01 September 2012

Boeing Winged JDAM-ER for RAAF Completes First Round of Tests

01 September 2012

Boeing JDAM-ER for RAAF (photo : RAAF) 

ST. LOUIS  -- A winged version of the Boeing [NYSE: BA] Joint Direct Attack Munition (JDAM) that will triple the weapon's glide range to more than 40 miles is a step closer to production after completing wind tunnel tests at a U.S. facility in June.

Developed in partnership with the Commonwealth of Australia, the 500-pound JDAM Extended Range (JDAM-ER) features a modular add-on wing kit that will unfold in flight. The kit can also be coupled with other modular enhancements, such as laser sensors. The wings were first integrated with the Boeing JDAM during the Commonwealth's Capability and Technology Demonstration program, which successfully completed flight tests in 2008.

Boeing will produce and integrate the JDAM-ER wing kits for the Royal Australian Air Force (RAAF) under a contract awarded in 2011. The kits will be built in Australia, with initial deliveries expected to begin in early 2015.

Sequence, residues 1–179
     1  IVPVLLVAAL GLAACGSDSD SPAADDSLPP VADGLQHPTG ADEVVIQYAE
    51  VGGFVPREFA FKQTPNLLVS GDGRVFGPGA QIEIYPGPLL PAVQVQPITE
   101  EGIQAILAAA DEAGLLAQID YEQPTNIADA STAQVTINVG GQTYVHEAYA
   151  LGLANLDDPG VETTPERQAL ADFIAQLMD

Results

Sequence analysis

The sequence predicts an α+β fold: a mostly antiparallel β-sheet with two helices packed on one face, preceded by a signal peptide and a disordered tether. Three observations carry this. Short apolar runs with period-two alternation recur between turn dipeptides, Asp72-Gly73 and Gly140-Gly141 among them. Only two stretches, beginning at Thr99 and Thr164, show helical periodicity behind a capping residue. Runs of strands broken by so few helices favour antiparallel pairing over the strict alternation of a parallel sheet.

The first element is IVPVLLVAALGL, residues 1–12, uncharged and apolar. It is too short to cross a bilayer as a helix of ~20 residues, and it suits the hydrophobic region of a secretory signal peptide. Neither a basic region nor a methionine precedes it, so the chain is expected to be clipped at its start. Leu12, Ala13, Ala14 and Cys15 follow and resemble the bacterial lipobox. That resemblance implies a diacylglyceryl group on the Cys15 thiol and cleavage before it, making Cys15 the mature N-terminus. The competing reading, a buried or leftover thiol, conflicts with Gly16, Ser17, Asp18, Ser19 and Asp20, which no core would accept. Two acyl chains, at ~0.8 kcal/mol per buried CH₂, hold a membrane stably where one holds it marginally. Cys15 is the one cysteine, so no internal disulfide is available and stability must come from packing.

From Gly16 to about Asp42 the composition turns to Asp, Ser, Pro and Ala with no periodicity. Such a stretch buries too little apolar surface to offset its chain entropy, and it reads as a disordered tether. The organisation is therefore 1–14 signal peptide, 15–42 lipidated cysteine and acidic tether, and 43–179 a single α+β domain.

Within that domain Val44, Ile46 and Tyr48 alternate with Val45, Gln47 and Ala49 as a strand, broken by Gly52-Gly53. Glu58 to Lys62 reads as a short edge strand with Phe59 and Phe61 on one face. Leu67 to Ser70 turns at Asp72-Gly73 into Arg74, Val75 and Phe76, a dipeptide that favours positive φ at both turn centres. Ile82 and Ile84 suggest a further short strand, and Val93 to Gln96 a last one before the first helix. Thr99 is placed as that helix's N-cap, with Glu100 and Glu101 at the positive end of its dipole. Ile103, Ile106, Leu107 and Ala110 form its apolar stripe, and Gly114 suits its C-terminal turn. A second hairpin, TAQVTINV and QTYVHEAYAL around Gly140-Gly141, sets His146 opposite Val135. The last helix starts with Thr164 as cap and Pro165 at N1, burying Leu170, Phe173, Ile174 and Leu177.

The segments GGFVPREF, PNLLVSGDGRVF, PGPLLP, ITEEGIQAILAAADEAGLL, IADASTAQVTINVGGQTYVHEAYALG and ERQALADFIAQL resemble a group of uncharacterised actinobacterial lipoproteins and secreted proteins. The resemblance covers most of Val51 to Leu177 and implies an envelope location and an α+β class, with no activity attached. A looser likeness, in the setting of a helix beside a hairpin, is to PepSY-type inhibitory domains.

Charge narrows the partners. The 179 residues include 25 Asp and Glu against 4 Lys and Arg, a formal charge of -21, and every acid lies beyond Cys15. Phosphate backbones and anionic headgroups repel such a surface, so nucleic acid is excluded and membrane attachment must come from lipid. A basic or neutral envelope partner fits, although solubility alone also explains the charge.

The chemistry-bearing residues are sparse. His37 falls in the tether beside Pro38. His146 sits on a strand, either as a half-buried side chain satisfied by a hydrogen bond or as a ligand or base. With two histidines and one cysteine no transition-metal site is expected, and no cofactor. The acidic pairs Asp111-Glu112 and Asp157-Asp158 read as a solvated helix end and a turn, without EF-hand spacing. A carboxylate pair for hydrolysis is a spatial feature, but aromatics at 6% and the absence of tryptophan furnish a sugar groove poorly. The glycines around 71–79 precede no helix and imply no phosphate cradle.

"Boeing and our Australian partners have worked closely together to employ affordable technology and the leanest manufacturing processes to cost-effectively enhance JDAM’s capabilities," said Debbie Rub, Boeing vice president and general manager for Missiles and Unmanned Airborne Systems. "The JDAM-ER effectively meets the needs of the Commonwealth by providing a greater stand-off capability and making it safer for pilots to prosecute their missions on today’s ever-changing battlefields."

"By successfully transitioning this technology from prototype to production, the Australian Defence Force will be able to further reduce the risk to its personnel on operations, allowing RAAF aircrew to engage their targets from beyond the range of enemy air defences," said Jason Clare, Australia’s Minister for Defence Materiel. "These enhancements will increase the ability of the RAAF to strike more targets in fewer sorties."

JDAM is a low-cost guidance kit that converts existing unguided bombs into near- precision weapons. Boeing intentionally designed its JDAM kit to be modular so the product could mature with a variety of technological upgrades such as a laser sensor, improved immunity to GPS jamming, and an all-weather radar sensor.

Boeing has built more than 238,000 JDAM tail kits in its St. Charles, Mo., facility since production started in 1998. JDAM is used by 26 international militaries.

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